The material comes from eucalyptus trees which require no harmful pesticides or insecticides to grow. Eucalyptus trees also require significantly less land and water, when compared to something like cotton. The process of actually manufacturing the Tencel yarn by Australian company Lenzing is fuelled with 100% renewable energy.
It’s obviously an animal byproduct, meaning many vegans avoid it like the plague! But it is a great renewable resource with plenty of benefits. Once a woollen garment has been worn out, you can literally just bury it in the ground and it will eventually compost. Wool is a breathable and a natural insulator and has a unique ability to react to changes in the body’s temperature. Once you know to only use cold water, wool is easy to care for! When buying wool, look for standards and certifications that ensure the fair treatment of animals and the respect of the environment, such as the Responsible Wool Standard, ZQ Merino Standard and the Soil Association Organic Standards.
man made fibers
You could say that man made synthetic fibers are plastic fabric because they are chemically-derived fibres which are joined together to create a fabric. This is a process called polymerization and it requires several chemicals and solvents to create any type of synthetic fabric. Which is definitely not a good product for our health.
According to BodyEcology.com, below are the big hitters in man made fabrics and the harsh chemicals that go into producing them. Remember, all these chemicals are leaching into our skin and waterways every time we wear and wash our clothes.
Is the worst fabric you can buy. It is made from synthetic polymers that are made from esters of dihydric alcohol and terpthalic acid.
Are polycrylonitriles and may cause cancer, according to EPA.
Is recycled wood pulp that must be treated with chemicals like caustic soda, ammonia, acetone and sulphuric acid to survive regular washing and wearing.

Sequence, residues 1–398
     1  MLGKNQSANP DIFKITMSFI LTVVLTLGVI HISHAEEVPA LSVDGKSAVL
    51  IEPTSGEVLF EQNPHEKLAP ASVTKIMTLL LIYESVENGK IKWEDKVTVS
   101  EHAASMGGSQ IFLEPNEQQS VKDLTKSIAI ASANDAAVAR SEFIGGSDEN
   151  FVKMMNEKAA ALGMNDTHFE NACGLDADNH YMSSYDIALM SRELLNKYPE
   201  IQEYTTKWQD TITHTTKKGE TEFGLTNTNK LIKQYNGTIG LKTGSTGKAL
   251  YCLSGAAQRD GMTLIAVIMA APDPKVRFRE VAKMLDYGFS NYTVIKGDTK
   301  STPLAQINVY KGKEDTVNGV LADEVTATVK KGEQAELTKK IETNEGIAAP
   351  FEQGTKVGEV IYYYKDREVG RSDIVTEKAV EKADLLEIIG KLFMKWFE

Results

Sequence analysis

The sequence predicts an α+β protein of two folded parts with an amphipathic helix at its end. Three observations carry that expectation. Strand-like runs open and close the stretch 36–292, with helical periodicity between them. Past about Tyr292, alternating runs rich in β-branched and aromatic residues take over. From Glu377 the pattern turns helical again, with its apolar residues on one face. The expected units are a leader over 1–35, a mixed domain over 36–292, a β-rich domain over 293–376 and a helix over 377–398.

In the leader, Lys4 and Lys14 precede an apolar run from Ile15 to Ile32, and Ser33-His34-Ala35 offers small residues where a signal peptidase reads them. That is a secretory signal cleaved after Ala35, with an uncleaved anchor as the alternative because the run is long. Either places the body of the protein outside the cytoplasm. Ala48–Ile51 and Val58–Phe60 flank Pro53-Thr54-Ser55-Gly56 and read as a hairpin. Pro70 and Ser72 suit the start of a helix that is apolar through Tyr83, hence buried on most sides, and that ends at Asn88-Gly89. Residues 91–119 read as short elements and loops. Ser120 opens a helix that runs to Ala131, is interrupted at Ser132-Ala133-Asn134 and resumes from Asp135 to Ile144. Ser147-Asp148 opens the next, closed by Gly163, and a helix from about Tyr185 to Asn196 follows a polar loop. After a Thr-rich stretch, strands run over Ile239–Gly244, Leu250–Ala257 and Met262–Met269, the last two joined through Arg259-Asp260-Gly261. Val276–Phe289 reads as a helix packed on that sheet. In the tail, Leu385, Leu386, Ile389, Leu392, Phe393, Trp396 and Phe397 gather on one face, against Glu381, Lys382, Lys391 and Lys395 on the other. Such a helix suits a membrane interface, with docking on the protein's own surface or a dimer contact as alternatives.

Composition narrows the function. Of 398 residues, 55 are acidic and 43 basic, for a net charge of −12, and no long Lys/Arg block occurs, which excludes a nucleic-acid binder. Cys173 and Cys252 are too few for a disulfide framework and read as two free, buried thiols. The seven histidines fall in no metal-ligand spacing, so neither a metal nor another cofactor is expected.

Acetate and Triacetate
Are made from wood fibres called cellulose and undergo extensive chemical processing to produce the finished product.
Is made from petroleum and is often given a permanent chemical finish that can be harmful.
Fabrics treated with PFC chemicals
Anything static resistant, stain resistant, permanent press, wrinkle-free, stain proof or moth repellent. Many of the stain resistant and wrinkle-free fabrics are treated with perfluorinated chemicals (PFCs), like Teflon.
Lastly, Bamboo fabric may seem like a natural fibre but it is produced more like a synthetic fabric. This is why you should probably avoid it. Bamboo fibres are extremely stiff and rough and must undergo heavy processing with caustic chemicals in order to create a soft material. According to research conducted by a sustainable brand the process to convert bamboo to its softest state (rayon fibre) releases toxic chemicals (carbon disulphide, sodium hydroxide, and sulphuric acid) that are actually reproductive hazards – eek!
natural fibers are less toxic than synthetic fibers
It’s clear to see that the choice to purchase natural fibre textiles not only reduces your toxic burden but also the toxic impact on the environment – winning!
When it comes to body care products and cosmetics, we all now know that what we put on our skin is absorbed into the bloodstream. So, it’s only natural to then assume that if textile fibers are treated with chemicals, our skin could absorb some of those chemicals as well.
While we need more research to understand how toxic fibers can affect our health, we do understand the dangers of bad chemicals. This Canadian study found that women who worked in acrylic textile factories had seven times the risk of breast cancer and women working in nylon factories had double the risk of breast cancer.
natural textile fibers are a better investment
We love preaching about purchasing things that are meaningful and made to last. Have you ever noticed how well your natural fabrics hold up much longer than synthetic ones? Natural textiles always seem to last forever and stay in their beautiful shape. While on the other hand, synthetic fibers begin to break down and look tired more quickly.
Natural fibres may be more expensive up front, but we find that it’s a better investment in the long run and not to mention a better investment for the environment!
natural textile fibers are more sustainable
We all know that sustainability isn’t a trend anymore, it’s a need now! So, when it comes to sustainable textiles – natural fibre is generally more sustainable than synthetic fibres that require high energy use and crude oil. Additionally, natural fibres are plant materials and therefore decompose quickly. Synthetic fibres are essentially plastic, and so do not biodegrade quickly
Some advantages of environmentally friendly products are.
Enhanced indoor air quality
knowledge is power
Yes, it’s quite tricky to avoid every fabric that science has deemed bad for your skin, but informing yourself on the dangers of certain textiles can give you a power to make better choices about what you purchase and to know how harmful it is not only to you, but also the environment.